Despite the critical barbs thrown at the first Hunger Games movie, I still enjoyed it enough to look forward to this week’s release of the sequel, Catching Fire. Jennifer Lawrence brings some of the magnetism she has in real life to the character of Katniss Everdeen, a young girl hurled into a dangerous situation which she neither chose nor can escape. Despite some dead wood around her, she manages to elevate the movie’s emotional heft, making for a much more enjoyable second outing for ‘The Girl on Fire.’
• Director: Francis Lawrence
• Exhibition: 2D
• Rating: 12A
• Run Time: 146 mins
Months after her victory in the Games (it’s not a spoiler, she is in the poster!), Katniss is struggling to find normalcy in her life. Riddled by panic attacks and nightmares from her time in the arena, she attempts to make amends for her actions during her time there – whether it involves explaining her relationship with Peeta (Hutcherson) is fake to Gale (Hemsworth) or trying to make up for that fact with Peeta himself. However, when President Snow (Sutherland) arrives at her house to warn her of upcoming rebellion unless she convinces the population of her loyalty to the Capitol and her ‘love’ for her fellow victor, Katniss ends up with far more to lose than just her own life.
Jennifer Lawrence is certainly one of the best young talents working in the movie industry at the moment. She embues Katniss with a strength that makes you believe she could conceivably make it through such an ordeal and a fragility that convinces you she will break down multiple times before it is over. Such an introverted character could be difficult to like and pull for, but Lawrence gives you enough of the inner workings of Katniss to elicit your support.
Taking over the directorial duties from Gary Ross is her namesake, Francis Lawrence. While Ross created an interestingly juxtaposed world with the poverty of the districts and the prosperity of the Capitol, Lawrence is given a larger canvas to work with here as he gets to visit some of the other locations in Panem. However, the most important improvement he makes is developing a far more palpable sense of fear. Multiple scenes of brutal corporal punishment, fantastic casting in the smaller roles of peace keepers and arena opponents and some well-written interactions between Snow and his new game maker Plutarch Heavensbee (Hoffman), help build a sense of dread that was missing from the original movie.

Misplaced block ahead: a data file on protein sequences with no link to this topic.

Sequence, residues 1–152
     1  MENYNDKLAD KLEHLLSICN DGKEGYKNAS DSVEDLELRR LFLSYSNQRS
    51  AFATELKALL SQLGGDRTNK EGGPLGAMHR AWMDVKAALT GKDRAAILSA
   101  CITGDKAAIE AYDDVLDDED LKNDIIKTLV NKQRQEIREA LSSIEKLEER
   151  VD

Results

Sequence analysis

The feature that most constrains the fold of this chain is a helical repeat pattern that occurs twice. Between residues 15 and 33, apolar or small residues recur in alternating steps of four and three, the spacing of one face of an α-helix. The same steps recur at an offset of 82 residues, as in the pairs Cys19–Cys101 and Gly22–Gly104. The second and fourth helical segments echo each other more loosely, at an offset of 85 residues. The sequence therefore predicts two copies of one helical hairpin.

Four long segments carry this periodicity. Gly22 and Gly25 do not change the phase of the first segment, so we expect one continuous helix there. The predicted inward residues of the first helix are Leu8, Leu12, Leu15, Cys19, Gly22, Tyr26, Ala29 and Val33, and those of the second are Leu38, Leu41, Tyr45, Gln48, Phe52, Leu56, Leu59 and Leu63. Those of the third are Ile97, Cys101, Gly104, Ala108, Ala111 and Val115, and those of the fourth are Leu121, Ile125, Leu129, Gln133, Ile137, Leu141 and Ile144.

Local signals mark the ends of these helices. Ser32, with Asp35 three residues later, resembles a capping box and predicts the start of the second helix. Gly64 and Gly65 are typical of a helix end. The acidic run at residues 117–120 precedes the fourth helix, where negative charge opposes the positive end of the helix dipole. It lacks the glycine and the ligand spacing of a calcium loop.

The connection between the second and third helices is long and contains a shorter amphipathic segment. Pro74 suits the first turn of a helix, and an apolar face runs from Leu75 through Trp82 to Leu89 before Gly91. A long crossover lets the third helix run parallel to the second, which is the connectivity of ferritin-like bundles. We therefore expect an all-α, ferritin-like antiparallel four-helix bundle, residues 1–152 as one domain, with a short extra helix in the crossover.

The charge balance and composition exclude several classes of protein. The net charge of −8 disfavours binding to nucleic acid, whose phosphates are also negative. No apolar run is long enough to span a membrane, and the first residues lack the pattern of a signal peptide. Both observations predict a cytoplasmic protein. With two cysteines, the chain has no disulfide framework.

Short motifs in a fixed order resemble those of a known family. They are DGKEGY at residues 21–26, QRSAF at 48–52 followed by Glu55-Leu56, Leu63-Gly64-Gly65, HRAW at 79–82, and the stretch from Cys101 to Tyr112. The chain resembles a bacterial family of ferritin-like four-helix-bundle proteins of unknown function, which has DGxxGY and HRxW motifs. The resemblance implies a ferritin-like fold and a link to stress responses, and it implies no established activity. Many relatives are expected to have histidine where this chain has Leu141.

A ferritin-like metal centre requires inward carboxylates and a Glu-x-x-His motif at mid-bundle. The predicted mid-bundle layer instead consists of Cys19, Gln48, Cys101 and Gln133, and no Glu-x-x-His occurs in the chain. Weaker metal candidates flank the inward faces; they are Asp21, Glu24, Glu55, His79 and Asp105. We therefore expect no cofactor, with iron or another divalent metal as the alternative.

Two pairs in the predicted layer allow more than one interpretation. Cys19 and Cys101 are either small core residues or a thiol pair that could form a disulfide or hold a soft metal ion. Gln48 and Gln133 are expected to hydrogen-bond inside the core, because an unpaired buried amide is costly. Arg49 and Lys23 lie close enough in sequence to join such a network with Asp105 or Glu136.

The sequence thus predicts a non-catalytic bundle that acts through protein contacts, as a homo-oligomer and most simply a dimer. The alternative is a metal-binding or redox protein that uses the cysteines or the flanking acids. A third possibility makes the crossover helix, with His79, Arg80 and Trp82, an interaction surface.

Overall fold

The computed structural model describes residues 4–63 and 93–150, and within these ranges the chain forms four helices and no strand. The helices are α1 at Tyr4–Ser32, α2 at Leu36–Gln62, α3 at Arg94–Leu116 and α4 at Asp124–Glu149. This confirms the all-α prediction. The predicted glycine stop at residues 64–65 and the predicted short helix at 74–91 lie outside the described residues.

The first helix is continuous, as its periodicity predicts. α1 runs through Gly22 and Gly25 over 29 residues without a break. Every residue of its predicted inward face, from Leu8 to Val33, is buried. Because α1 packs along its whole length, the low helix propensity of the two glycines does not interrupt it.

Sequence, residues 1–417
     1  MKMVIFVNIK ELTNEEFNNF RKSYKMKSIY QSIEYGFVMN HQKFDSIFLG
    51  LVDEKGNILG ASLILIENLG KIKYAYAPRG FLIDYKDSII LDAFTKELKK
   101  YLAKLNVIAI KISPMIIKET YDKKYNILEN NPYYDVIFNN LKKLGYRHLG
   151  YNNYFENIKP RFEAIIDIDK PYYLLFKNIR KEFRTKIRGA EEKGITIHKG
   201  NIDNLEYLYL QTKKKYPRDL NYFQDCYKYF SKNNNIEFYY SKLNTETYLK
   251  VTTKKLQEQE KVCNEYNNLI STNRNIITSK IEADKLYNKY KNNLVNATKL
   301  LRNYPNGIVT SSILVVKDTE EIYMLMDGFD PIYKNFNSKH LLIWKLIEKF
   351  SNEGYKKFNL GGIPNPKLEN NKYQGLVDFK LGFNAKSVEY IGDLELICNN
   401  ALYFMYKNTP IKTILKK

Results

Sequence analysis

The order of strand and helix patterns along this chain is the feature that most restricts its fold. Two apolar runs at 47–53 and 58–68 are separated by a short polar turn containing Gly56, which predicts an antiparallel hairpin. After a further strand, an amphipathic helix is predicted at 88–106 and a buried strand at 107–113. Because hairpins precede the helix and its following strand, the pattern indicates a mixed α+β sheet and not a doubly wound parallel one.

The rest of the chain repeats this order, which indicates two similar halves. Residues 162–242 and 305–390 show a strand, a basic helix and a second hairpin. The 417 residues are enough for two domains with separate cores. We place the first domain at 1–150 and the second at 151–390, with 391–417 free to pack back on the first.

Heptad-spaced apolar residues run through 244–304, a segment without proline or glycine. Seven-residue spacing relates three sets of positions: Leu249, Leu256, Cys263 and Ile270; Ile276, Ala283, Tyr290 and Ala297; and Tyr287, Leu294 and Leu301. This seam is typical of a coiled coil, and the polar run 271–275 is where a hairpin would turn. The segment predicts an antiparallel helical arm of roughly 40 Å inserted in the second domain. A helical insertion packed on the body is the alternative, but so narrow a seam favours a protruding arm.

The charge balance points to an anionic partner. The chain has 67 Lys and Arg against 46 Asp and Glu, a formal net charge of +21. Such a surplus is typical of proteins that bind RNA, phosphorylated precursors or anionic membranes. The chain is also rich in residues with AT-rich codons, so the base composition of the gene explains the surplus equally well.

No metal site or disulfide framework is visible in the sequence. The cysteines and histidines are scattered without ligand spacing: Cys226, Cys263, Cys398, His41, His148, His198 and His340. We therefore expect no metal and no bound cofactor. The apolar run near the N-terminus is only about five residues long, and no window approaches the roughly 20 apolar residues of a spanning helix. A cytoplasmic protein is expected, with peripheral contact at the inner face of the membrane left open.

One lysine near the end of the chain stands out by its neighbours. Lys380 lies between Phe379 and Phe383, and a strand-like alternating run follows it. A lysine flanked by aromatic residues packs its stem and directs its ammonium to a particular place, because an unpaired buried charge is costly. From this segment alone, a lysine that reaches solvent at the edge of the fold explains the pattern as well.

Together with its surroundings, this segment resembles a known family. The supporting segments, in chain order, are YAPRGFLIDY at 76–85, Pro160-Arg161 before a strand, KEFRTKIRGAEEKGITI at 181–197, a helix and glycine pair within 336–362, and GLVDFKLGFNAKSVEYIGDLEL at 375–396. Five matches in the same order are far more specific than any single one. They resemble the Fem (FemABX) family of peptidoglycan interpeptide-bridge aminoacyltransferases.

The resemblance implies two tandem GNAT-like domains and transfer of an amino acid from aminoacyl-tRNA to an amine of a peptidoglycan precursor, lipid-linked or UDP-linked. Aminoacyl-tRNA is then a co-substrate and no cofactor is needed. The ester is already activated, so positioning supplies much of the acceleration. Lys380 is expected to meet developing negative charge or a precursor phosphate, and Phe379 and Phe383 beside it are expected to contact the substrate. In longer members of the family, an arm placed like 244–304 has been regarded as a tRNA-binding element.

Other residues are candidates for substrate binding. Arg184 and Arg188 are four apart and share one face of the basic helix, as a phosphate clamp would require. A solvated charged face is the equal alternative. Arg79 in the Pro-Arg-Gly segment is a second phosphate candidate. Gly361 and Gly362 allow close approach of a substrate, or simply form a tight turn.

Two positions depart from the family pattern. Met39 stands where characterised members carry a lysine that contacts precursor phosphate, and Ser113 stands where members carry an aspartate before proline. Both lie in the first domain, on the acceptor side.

This dangerous atmosphere is helped immeasurably by the removal of the hard cuts from the first film that caused many to dismiss it as far too safe. While blood and guts do not flow freely here, Lawrence (Francis, I mean) succeeds in allowing you to forget you are watching a 12A movie. I think I remember one hard cut involving an axe and it coming into contact with a torso, but other than that, it never felt sanitised.
One area where movies like this can often fall down is the supporting cast. In the last movie, many of the cast were children who simply could not act on a par with Lawrence (Jennifer, this time). In Catching Fire, the majority of the cast are seasoned actors like Philip Seymour Hoffman, Woody Harrelson, and Sam Claflin. Each put in very good performances and I was pleased to see Elizabeth Banks get more to do as Effie. On the flipside of that, Hutcherson and Hemsworth are far too wooden and are shown up further by the better cast around them.
By the end, despite its over-long beginning, I enjoyed Catching Fire far more than I expected to. While it won’t trouble any awards committees outside of MTV, there is enough drama, action and Jennifer Lawrence to keep any movie audience happy.
Tags: Catching Fire, Color Force, Donald Sutherland, Elizabeth Banks, Francis Lawrence, Jennifer Lawrence, Josh Hutcherson, Liam Hemsworth, Lionsgate, Philip Seymour Hoffman, Sam Claflin, The Hunger Games, Woody Harrelson